Foodservice by Design

Team members from Profitality-Labor Guru discuss how industrial engineering can be applied to the foodservice industry.


COVID Observations, Insights and Recommendations

Much of the COVID-19 conversation has focused on how mandated dining room closures have hamstrung restaurants.

It’s interesting to note, though, some restaurant chains continue to survive — and even thrive — in the current environment. I am thinking of such chains as Domino’s, Papa John’s and Wingstop, among others. Restaurants that feature drive-thru service, likewise, reduced the impact to their businesses by steering customers down that path. One full-service chain that also offers drive-thru service was also able to focus on the latter service mode to minimize the impact of the dining room closures on its business. The company was cash-flow positive at the EBIDTAR level (excluding rent).

Indeed, the key to thriving in this environment is knowing how to optimize off-premises business, including the drive-thru, as these chains show. Some of the more successful brands in this environment are those that already excelled when it comes off-premises business, while others morphed quickly into this mode of service as the current crisis grew. Many already had virtual order taking capabilities that helped expedite the transition.

To further build customer confidence, chains must clearly illustrate how seriously they take the pandemic. For example, one restaurant chain advertises how no human will touch its product once it goes into the oven. Comforting customers in a way that minimizes the likelihood of spreading the virus will increase their confidence with purchasing the chain’s product.

To offset traffic declines and make their businesses more valuable to customers, some restaurants now sell grocery and pantry items. That makes plenty of sense in specific applications when you pair the need to socially distance with the surge in popularity grocery stores have enjoyed due to the shelter-in-place requirements. In other cases, restaurants have assembled meal kits that allow customers to create restaurant quality experiences in their own homes. They even included reminding the customers that this is one way to do things with the family (touching on the emotional side), especially since we are mostly cooped up together. During the best of times, restaurants must continue to enhance their value propositions. That’s even more the case now.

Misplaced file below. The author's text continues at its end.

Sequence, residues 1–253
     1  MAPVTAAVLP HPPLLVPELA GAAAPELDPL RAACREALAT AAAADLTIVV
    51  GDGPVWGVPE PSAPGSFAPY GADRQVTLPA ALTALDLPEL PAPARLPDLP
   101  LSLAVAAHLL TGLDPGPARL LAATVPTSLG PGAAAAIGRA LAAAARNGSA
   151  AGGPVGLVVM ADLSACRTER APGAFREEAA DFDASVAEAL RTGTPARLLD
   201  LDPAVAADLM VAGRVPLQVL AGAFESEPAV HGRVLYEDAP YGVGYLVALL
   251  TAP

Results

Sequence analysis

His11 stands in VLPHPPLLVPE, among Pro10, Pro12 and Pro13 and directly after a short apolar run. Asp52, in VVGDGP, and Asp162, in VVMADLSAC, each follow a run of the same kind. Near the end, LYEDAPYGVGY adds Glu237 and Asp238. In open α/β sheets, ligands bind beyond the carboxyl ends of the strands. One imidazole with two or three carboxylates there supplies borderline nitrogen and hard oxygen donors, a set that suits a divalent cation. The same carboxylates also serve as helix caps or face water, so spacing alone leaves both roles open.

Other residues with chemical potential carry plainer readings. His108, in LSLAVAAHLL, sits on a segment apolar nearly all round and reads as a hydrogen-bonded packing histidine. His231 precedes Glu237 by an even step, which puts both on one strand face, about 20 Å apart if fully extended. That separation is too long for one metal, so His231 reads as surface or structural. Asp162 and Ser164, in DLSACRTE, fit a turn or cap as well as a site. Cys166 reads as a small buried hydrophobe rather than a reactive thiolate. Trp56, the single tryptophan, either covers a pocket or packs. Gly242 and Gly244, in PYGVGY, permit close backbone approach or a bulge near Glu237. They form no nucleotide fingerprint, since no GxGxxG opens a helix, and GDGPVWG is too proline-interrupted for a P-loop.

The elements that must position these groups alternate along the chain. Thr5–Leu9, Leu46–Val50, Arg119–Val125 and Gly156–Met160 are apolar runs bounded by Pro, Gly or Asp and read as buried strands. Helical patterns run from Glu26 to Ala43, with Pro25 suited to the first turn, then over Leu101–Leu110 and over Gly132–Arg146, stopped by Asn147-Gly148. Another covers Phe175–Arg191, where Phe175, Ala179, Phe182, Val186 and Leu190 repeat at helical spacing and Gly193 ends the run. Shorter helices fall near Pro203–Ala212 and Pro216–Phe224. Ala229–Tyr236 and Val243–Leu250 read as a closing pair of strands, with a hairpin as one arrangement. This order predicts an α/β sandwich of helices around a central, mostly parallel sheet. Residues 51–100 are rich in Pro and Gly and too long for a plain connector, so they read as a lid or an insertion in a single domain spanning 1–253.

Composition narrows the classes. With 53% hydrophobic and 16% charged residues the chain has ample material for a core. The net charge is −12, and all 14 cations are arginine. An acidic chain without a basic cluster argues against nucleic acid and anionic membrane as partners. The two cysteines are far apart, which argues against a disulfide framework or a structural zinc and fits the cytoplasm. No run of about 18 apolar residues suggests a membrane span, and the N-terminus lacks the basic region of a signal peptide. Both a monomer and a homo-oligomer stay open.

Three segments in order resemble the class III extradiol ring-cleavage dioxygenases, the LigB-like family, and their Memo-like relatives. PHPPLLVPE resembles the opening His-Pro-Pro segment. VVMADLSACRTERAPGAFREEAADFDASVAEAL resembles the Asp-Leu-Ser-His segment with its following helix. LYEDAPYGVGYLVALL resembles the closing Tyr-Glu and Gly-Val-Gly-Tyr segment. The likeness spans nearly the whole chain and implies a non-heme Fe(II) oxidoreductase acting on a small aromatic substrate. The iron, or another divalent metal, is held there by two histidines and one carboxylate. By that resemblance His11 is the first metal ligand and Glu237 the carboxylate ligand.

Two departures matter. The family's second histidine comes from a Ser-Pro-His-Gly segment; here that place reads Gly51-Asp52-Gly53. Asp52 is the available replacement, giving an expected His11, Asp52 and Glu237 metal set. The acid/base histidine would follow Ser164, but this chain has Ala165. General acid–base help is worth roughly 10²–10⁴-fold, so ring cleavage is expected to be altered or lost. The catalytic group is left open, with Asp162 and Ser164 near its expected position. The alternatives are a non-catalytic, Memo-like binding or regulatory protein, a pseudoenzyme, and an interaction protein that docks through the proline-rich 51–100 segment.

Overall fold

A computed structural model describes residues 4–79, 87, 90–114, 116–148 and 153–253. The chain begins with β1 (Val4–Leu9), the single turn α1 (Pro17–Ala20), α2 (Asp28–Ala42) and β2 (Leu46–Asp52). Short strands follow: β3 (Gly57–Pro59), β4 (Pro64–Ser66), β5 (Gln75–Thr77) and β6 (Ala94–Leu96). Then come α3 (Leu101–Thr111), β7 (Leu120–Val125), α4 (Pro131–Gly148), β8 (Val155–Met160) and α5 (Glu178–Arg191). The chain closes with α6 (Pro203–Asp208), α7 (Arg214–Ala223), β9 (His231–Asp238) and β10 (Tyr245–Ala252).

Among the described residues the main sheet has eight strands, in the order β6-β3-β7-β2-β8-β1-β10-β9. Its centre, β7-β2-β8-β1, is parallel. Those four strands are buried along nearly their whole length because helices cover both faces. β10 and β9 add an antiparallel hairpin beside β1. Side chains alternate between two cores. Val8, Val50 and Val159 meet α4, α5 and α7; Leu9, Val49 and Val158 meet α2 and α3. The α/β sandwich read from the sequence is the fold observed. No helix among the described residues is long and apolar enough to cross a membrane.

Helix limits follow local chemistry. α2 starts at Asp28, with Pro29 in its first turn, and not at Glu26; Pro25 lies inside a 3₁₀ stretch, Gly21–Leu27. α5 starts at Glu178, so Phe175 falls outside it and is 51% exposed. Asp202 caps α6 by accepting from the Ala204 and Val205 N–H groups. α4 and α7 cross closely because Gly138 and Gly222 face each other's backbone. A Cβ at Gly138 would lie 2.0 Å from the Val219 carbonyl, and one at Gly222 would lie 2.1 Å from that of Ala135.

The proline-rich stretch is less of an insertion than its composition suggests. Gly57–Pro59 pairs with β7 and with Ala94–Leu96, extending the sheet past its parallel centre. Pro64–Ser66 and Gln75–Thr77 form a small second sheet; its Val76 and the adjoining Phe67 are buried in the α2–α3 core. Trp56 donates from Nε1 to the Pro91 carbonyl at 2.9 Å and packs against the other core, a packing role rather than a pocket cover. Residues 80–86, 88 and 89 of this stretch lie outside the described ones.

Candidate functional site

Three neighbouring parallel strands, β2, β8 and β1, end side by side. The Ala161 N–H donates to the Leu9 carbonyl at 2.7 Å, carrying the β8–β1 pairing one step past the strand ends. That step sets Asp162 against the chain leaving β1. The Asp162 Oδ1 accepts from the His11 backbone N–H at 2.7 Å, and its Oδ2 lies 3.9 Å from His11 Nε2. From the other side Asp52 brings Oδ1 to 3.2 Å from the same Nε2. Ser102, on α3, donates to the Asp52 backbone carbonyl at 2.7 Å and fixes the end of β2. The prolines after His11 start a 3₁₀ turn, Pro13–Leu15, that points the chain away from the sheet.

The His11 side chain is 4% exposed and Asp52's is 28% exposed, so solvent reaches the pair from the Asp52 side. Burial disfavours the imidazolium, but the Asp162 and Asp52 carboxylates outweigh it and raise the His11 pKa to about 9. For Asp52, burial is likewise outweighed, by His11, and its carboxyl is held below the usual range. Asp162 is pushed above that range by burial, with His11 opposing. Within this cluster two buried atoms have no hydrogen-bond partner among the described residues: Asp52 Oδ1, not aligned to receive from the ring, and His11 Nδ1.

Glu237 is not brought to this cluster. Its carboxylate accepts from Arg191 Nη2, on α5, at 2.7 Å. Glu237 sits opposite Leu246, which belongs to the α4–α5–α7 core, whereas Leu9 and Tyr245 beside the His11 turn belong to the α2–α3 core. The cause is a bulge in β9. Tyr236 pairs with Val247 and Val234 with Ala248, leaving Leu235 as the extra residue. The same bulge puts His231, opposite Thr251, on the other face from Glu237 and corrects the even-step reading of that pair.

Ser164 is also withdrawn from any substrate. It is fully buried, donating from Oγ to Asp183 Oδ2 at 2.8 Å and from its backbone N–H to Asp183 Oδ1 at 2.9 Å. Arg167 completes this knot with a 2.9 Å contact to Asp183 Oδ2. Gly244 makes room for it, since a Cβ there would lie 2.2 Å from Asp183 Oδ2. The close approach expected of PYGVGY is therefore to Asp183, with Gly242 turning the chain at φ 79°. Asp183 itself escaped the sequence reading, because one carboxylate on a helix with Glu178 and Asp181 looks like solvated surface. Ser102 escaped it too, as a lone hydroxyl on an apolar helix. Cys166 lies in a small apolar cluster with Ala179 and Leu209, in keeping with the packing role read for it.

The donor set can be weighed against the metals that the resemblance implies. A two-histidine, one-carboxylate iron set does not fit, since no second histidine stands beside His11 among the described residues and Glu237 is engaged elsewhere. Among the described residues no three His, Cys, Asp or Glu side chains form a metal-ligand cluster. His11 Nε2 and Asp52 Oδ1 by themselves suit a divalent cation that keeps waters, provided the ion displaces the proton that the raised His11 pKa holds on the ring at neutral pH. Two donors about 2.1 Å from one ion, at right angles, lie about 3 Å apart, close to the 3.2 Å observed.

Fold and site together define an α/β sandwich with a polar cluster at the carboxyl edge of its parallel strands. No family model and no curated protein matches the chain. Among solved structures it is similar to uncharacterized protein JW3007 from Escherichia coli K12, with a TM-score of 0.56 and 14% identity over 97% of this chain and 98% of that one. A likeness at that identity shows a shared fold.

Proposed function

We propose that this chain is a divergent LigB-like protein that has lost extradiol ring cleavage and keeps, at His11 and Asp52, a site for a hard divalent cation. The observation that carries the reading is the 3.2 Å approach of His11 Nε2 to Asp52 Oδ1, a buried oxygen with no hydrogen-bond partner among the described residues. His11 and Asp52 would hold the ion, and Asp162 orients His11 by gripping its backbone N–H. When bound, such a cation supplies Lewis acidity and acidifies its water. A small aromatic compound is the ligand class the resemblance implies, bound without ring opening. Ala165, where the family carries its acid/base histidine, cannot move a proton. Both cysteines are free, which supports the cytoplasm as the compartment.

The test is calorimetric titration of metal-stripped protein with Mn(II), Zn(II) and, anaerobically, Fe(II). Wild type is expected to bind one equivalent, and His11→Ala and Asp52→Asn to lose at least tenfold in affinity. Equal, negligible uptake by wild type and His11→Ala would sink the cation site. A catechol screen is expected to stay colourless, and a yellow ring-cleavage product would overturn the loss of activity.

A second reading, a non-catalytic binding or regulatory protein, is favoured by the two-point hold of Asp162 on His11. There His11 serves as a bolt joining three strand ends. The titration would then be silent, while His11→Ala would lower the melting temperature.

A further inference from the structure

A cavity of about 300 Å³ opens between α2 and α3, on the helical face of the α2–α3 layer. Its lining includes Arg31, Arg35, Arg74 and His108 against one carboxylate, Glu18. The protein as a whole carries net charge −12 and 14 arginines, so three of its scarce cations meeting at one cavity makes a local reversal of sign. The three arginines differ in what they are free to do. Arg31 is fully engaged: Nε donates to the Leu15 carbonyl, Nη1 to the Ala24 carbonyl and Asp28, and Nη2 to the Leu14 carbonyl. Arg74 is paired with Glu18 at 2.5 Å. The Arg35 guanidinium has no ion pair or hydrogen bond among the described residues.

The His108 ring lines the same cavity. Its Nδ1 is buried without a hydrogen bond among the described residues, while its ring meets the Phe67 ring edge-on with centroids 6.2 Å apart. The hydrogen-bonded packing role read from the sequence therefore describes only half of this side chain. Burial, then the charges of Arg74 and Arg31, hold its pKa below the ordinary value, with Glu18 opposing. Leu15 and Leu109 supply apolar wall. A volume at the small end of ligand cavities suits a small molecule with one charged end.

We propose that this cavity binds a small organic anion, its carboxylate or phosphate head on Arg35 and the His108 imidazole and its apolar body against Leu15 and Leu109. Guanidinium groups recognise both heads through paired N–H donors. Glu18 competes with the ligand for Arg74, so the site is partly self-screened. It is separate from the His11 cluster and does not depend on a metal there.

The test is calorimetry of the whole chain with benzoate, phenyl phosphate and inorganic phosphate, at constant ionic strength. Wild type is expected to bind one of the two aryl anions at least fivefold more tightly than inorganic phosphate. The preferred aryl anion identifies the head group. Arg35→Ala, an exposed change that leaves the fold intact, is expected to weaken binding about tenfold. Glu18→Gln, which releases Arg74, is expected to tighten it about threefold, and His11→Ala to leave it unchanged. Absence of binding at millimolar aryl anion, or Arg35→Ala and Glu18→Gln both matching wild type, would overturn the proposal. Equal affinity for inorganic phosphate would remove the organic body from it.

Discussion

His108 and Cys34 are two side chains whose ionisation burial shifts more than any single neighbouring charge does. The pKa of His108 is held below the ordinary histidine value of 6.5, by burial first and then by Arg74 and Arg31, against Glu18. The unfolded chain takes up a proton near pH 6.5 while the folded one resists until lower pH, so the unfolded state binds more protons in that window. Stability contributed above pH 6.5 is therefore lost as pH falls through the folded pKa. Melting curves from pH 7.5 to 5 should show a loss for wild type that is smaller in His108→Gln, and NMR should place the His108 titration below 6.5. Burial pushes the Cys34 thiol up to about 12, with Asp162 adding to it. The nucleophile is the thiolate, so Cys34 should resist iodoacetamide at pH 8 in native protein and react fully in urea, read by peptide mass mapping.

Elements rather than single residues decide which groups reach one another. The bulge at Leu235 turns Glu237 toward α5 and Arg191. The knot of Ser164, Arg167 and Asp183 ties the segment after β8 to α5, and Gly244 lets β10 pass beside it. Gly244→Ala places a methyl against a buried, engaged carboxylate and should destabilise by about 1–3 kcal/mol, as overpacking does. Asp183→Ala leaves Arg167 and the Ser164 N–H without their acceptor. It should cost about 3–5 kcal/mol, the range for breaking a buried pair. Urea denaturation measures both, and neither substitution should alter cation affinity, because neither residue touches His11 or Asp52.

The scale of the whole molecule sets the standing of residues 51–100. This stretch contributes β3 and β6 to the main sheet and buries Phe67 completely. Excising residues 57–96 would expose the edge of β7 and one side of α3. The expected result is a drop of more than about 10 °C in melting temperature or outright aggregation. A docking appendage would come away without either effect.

In Miami, where I live, we had a concept that would deliver a roll of toilet paper with an order. Although I still don’t understand why there’s a rush on toilet paper given COVID-19 is a respiratory illness, this restaurant brilliantly seized an opportunity to meet customer needs pretty quickly.

So how can restaurant operators continue to progress as the COVID-19 pandemic plays out?

Start by taking on a continuous improvement mentality. This philosophic approach will enable operators to evolve as the business environment changes. This includes being able to adapt to regulations set forth by state and local governments to ensure the maintenance of customer and employee health as regional economies come back online.

One company that seems to embrace such an approach is Starbucks, which continues to monitor each market it serves and each location it operates one by one. The Seattle-based coffee company is taking a “monitor and adapt” approach to opening its locations.

The continuous improvement mindset also will include how restaurants execute their menus, the model of service they use in serving both off-premises customers and, eventually, on-premises guests, the dining room design, the deployment of labor, adapting to new sanitation requirements and more.

Our new normal will significantly impact how existing restaurants evolve and morph as they come out of this pandemic, both operationally and the way the spaces are designed.